ssh-keygen allows generation of new key pair for authentication (SSH).
> ssh-keygen --help unknown option -- - usage: ssh-keygen [-q] [-b bits] [-t dsa | ecdsa | ed25519 | rsa | rsa1] [-N new_passphrase] [-C comment] [-f output_keyfile] ssh-keygen -p [-P old_passphrase] [-N new_passphrase] [-f keyfile] ssh-keygen -i [-m key_format] [-f input_keyfile] ssh-keygen -e [-m key_format] [-f input_keyfile] ssh-keygen -y [-f input_keyfile] ssh-keygen -c [-P passphrase] [-C comment] [-f keyfile] ssh-keygen -l [-v] [-E fingerprint_hash] [-f input_keyfile] ssh-keygen -B [-f input_keyfile] ssh-keygen -D pkcs11 ssh-keygen -F hostname [-f known_hosts_file] [-l] ssh-keygen -H [-f known_hosts_file] ssh-keygen -R hostname [-f known_hosts_file] ssh-keygen -r hostname [-f input_keyfile] [-g] ssh-keygen -G output_file [-v] [-b bits] [-M memory] [-S start_point] ssh-keygen -T output_file -f input_file [-v] [-a rounds] [-J num_lines] [-j start_line] [-K checkpt] [-W generator] ssh-keygen -s ca_key -I certificate_identity [-h] [-n principals] [-O option] [-V validity_interval] [-z serial_number] file ... ssh-keygen -L [-f input_keyfile] ssh-keygen -A ssh-keygen -k -f krl_file [-u] [-s ca_public] [-z version_number] file ... ssh-keygen -Q -f krl_file file ...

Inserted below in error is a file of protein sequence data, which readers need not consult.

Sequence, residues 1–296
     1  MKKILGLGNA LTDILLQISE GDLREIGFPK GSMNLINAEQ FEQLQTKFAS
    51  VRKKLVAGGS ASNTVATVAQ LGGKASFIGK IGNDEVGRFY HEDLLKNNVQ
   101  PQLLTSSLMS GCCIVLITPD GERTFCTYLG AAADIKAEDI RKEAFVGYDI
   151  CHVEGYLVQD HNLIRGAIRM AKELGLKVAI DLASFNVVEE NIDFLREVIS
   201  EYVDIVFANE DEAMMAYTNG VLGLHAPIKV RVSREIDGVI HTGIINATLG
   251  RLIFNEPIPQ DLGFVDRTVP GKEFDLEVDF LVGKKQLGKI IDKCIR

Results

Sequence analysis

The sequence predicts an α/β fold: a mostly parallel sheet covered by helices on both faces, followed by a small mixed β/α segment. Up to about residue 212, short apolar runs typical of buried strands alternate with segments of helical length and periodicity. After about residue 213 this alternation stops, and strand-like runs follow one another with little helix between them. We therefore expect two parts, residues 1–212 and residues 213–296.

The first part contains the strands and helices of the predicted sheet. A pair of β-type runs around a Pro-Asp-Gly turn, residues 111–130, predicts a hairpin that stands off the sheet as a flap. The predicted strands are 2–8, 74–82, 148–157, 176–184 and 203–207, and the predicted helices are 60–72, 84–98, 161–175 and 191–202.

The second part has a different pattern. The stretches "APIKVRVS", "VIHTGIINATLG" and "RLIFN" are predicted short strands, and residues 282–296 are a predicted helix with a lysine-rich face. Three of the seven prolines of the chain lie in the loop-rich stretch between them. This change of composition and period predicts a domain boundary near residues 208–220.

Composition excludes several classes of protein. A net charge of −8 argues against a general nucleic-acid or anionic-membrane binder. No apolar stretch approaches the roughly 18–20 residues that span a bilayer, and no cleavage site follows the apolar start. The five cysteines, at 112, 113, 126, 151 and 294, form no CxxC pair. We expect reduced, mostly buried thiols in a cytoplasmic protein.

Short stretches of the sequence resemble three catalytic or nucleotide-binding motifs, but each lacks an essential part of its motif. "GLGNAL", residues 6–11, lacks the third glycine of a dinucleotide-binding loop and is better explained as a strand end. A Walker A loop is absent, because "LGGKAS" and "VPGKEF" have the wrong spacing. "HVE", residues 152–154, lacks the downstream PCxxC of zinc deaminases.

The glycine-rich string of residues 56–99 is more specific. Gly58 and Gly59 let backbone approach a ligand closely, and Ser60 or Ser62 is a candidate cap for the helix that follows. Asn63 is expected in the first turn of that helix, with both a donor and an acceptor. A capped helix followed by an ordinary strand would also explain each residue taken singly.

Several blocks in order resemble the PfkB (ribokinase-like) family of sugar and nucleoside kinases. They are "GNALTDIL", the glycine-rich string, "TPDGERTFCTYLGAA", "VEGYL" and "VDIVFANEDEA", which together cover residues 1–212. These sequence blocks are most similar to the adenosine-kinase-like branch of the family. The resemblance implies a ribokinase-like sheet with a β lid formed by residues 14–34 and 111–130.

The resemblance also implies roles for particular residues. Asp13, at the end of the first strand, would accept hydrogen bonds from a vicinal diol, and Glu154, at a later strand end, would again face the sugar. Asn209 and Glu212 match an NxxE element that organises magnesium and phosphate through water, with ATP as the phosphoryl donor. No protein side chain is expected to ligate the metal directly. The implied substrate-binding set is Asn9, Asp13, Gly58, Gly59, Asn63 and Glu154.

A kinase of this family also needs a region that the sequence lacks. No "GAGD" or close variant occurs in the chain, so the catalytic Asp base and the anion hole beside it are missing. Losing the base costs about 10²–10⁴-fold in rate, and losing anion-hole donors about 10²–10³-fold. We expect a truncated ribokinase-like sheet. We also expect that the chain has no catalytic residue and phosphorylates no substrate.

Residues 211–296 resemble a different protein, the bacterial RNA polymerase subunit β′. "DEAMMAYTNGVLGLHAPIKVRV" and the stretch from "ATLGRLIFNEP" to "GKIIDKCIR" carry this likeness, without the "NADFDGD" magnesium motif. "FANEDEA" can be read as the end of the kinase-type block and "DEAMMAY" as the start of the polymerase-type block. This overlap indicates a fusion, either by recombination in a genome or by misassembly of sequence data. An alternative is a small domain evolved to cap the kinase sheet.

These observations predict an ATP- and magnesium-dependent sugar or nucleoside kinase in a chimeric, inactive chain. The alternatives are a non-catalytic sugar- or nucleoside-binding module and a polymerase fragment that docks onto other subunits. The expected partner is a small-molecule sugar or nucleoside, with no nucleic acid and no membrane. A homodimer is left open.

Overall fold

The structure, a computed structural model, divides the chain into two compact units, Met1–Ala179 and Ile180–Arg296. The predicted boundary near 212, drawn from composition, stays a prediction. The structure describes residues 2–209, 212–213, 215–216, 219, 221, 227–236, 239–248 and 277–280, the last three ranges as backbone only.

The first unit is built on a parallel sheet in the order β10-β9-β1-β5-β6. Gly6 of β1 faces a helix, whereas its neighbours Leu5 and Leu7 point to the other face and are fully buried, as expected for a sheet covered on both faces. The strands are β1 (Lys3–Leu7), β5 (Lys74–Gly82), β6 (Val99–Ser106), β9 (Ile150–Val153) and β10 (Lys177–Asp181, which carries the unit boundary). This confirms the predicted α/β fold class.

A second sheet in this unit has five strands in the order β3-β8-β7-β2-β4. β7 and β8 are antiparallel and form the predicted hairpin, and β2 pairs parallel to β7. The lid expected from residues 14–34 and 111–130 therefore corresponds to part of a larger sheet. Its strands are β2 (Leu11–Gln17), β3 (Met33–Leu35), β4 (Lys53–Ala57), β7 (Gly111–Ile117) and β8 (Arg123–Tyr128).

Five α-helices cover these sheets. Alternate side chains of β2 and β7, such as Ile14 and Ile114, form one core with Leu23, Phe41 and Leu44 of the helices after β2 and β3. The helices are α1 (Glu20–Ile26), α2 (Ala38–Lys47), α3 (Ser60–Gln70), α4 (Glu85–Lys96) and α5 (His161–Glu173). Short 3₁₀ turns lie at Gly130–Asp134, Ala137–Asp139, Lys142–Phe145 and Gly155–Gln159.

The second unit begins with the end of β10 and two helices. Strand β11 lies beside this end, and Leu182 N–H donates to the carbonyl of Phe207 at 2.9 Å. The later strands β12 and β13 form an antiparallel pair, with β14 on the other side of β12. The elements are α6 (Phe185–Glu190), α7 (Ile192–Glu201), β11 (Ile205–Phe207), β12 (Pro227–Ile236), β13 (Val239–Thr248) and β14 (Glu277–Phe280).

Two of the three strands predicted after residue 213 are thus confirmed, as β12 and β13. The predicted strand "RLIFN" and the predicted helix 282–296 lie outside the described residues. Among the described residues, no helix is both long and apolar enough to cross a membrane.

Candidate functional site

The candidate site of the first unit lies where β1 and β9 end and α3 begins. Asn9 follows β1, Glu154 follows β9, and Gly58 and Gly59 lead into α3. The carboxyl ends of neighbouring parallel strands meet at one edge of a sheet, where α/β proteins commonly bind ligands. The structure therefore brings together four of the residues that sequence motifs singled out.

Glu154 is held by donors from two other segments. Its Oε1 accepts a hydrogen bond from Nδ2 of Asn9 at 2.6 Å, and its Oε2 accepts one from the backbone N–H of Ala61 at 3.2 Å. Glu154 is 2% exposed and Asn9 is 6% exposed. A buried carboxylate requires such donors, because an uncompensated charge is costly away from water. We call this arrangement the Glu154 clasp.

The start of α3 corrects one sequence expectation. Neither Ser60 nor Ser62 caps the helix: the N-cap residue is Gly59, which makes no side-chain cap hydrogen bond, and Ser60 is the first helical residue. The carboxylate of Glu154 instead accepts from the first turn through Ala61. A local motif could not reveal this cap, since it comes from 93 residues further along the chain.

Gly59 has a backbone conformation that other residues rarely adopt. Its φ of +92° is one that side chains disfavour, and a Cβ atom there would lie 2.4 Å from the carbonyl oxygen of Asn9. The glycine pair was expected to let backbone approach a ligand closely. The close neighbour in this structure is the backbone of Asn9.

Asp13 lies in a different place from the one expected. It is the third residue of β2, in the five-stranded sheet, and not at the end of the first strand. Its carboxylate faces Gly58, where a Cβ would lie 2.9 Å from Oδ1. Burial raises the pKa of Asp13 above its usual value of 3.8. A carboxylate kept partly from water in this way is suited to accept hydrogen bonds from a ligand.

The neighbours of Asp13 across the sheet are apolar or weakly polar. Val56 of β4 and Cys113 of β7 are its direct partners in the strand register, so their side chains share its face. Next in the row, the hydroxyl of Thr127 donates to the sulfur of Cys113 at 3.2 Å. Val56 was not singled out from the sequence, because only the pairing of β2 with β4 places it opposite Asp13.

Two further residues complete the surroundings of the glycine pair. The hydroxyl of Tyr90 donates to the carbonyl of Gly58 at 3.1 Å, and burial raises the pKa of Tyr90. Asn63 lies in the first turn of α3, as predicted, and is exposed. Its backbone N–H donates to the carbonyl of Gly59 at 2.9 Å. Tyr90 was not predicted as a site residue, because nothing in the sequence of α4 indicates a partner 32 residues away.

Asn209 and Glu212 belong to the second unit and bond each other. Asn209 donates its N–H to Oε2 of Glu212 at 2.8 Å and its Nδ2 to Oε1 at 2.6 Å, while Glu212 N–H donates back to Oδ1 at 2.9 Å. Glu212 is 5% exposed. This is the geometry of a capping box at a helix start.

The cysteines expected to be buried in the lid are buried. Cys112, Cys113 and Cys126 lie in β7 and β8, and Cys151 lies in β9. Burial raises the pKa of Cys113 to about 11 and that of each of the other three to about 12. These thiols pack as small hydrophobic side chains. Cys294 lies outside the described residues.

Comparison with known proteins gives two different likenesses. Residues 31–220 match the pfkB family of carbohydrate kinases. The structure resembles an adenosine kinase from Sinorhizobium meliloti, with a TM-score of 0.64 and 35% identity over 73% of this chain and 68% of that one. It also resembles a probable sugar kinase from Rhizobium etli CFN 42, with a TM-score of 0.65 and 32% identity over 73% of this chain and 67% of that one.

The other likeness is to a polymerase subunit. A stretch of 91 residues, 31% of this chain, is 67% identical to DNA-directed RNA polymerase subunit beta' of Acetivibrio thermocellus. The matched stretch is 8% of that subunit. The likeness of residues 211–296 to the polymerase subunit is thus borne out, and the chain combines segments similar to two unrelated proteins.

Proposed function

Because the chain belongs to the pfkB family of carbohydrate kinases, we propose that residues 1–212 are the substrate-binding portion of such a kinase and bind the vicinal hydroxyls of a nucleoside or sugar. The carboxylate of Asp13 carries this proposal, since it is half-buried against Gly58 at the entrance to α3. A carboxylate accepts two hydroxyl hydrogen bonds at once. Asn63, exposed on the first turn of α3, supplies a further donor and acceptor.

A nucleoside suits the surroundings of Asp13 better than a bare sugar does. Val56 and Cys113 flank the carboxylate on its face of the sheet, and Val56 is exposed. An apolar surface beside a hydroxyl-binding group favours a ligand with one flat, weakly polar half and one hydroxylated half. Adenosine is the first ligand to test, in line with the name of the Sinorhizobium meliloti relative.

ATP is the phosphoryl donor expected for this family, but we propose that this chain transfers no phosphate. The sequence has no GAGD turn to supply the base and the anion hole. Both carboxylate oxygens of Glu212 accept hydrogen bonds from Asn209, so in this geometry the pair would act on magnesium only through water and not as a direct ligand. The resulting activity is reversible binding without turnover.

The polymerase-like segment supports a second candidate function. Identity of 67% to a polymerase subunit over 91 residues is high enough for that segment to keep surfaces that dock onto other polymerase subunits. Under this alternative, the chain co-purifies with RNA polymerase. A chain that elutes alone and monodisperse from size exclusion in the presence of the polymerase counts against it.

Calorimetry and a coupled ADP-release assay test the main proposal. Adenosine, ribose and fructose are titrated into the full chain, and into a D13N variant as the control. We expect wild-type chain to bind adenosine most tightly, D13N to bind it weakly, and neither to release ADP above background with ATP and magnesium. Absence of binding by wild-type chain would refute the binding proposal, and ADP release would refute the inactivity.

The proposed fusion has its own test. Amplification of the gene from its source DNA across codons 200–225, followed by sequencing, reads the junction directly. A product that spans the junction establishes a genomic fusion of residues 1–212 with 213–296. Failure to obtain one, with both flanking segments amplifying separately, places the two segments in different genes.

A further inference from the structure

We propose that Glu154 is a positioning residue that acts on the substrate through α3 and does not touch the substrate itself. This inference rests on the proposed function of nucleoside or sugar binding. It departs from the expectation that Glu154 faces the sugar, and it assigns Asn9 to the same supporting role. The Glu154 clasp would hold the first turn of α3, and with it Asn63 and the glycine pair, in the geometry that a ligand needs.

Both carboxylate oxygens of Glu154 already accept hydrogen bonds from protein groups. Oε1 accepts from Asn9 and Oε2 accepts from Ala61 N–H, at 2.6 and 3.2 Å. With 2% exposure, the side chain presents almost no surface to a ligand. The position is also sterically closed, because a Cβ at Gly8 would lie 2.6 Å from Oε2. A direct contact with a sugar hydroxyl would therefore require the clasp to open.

ssh-keygen -t rsa Generating public/private rsa key pair. Enter file in which to save the key (/root/.ssh/id_rsa): Enter passphrase (empty for no passphrase): Enter same passphrase again: Your identification has been saved in /root/.ssh/id_rsa. Your public key has been saved in /root/.ssh/id_rsa.pub. The key fingerprint is: SHA256:KjqBCXEEFIBOOPDJ6j45tOBogwggxw3pAqECLG/r9fI firstname.lastname@example.org The key's randomart image is: +---[RSA 2048]----+ |%* . | |%==. | |O*+o | |*o* . | |=* . S | |*.o . . | |Oooo... | |=Oo.... | |..=. oE | +----[SHA256]-----+
– The SSH protocol uses public key cryptography for authenticating hosts and users.
– SSH keys are authentication credentials just like passwords.
ssh-copy-id allows copying/installation of public key to a server to allow public key authentication.
> ssh-copy-id -h Usage: /usr/bin/ssh-copy-id [-h|-?|-f|-n] [-i [identity_file]] [-p port] [[-o <ssh -o options>] ...] [user@]hostname -f: force mode -- copy keys without trying to check if they are already installed -n: dry run -- no keys are actually copied -h|-?: print this help
> ssh-copy-id email@example.com /usr/bin/ssh-copy-id: INFO: Source of key(s) to be installed: "/root/.ssh/id_rsa.pub" /usr/bin/ssh-copy-id: INFO: attempting to log in with the new key(s), to filter out any that are already installed /usr/bin/ssh-copy-id: INFO: 1 key(s) remain to be installed -- if you are prompted now it is to install the new keys firstname.lastname@example.org's password: Number of key(s) added: 1 Now try logging into the machine, with: "ssh 'email@example.com'" and check to make sure that only the key(s) you wanted were added.